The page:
Rev. Heather Blais
Again this week we are having an Instructed Eucharist, which simply means we will be pausing at a few different times in the service to talk about why we do what we do. Our tradition is rich with symbolism and meaning, and my hope is that this will enhance our worship experience. Let’s start with the beginning of the service.
Our service usually begins with a hymn, and when we are in the main sanctuary with a Processional. The processional gets the altar party to their designated places. The procession is formal, featuring a verger, crucifer, torchbearers, and the Gospel book held high. They process while the congregation sings a hymn. The processional stems from when Christianity was first legalized under Constantine in the fourth century. At that time, services became more formalized, which increased participation in the liturgy, and worship began to take place in larger buildings.
The Opening Acclamation is a greeting which marks the beginning of the liturgy, and serves as a reminder that the purpose of this gathering is to worship God the Father, God the Son, and God the Holy Spirit.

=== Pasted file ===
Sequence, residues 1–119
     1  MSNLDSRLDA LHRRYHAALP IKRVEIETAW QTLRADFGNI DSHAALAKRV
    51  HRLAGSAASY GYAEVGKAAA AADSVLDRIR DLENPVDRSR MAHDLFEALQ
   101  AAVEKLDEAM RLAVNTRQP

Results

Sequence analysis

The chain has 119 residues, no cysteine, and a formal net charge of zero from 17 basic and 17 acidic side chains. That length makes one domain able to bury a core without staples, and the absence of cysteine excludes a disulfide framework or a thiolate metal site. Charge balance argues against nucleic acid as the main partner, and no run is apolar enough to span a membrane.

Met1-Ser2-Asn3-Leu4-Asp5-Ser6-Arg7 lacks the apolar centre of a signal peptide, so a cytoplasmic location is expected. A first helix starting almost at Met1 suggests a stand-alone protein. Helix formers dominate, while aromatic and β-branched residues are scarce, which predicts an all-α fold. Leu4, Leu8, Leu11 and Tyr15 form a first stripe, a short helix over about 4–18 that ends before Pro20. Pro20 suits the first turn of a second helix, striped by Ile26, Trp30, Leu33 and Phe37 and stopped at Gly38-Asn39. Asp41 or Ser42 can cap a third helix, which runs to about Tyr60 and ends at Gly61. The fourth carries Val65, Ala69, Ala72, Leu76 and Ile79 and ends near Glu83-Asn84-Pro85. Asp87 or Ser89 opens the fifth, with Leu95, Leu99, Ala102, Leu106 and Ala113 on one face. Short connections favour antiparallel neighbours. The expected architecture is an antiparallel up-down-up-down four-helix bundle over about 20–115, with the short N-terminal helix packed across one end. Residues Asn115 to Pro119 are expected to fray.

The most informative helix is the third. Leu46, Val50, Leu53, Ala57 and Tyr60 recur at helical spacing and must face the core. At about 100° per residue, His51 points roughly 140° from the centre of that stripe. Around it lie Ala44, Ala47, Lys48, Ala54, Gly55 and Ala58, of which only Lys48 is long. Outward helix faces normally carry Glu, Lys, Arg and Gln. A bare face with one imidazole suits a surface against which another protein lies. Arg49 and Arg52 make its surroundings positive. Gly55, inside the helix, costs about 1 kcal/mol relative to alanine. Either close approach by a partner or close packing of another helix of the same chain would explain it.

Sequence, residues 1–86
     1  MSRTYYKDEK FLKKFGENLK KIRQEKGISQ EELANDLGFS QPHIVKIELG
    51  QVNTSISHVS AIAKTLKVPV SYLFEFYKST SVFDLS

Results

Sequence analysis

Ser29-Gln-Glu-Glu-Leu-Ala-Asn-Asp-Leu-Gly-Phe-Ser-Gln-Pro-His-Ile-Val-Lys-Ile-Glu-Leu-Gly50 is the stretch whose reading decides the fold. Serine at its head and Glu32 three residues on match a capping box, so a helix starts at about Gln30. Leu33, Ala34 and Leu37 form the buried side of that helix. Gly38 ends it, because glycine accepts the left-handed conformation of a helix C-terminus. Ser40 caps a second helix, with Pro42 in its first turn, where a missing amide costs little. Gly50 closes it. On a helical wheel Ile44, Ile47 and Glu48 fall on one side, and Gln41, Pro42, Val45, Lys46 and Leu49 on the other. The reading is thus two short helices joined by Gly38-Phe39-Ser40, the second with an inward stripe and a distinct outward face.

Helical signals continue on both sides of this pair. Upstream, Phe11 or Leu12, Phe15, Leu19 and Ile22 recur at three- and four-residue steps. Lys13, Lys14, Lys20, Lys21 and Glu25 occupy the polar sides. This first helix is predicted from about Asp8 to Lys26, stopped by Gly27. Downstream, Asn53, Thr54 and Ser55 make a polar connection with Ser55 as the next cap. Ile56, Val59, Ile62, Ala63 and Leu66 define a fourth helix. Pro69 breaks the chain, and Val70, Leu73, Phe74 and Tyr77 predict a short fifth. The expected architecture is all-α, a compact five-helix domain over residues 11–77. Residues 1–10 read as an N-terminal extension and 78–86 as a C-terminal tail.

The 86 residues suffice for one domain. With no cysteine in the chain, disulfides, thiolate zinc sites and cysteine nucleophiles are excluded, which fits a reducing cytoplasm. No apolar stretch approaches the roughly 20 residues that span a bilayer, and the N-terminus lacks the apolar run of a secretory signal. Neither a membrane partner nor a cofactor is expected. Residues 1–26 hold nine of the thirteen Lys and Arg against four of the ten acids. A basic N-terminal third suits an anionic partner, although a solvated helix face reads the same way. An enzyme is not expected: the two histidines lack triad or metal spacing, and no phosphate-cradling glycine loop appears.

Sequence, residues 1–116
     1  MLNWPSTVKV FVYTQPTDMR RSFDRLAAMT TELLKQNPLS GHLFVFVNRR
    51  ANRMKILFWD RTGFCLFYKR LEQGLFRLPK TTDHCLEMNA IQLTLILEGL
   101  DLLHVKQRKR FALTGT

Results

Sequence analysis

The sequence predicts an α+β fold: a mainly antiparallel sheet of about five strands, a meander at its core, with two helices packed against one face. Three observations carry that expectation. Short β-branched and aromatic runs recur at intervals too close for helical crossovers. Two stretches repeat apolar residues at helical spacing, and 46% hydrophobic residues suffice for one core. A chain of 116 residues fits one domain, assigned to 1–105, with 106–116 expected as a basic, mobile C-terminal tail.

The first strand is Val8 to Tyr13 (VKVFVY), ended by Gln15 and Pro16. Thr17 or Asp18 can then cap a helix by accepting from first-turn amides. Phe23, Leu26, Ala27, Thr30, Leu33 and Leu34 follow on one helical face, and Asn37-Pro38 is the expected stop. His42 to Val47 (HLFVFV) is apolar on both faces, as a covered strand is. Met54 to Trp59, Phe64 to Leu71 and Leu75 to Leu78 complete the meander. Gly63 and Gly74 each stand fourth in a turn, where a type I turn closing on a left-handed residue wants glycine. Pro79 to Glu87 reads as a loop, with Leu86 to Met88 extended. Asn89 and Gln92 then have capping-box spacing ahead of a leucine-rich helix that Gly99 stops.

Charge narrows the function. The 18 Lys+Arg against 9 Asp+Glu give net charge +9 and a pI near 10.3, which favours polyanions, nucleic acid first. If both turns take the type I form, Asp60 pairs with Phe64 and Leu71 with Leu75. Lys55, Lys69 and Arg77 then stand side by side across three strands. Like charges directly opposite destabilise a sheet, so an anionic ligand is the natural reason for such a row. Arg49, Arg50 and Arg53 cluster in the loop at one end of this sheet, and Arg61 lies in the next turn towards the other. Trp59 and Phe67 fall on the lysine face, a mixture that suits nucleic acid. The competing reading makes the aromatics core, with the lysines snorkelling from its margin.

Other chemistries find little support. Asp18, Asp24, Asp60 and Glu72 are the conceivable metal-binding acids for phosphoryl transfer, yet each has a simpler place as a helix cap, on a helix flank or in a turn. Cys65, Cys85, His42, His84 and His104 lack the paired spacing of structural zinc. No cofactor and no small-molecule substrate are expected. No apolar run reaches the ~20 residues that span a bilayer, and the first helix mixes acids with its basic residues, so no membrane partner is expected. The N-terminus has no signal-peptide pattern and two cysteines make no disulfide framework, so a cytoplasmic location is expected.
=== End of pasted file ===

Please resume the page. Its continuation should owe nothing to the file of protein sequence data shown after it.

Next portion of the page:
You may have noticed, that in the season of Lent we begin our worship with a Penitential Order, moving the Confession and Absolution to the beginning of the service. In Lent we are preparing ourselves for the Passion, Jesus’ suffering and death, and so the opening acclamation fits the theme of beginning worship by acknowledging our need for God’s grace and forgiveness and by confessing our sins and hearing God’s forgiveness through Jesus Christ, pronounced by the priest.
When we are not in Lent, the opening acclamation is followed by the Collect for Purity – “Unto you all hearts are open and no secrets are hid…” It asks for God’s grace as part of our preparation for worship, and has been part of our liturgy since 1549.
We then move immediately into a hymn of praise to the Trinity. For most of the year we use the Gloria in Excelsis, which means, “Glory to God in the highest”, and begins with the song the angels sang to shepherds in Luke’s nativity story. Its use in worship dates from the fourth century. During Lent (and often in Advent as well,) we substitute another hymn such as the Kyrie, “Lord, have mercy”.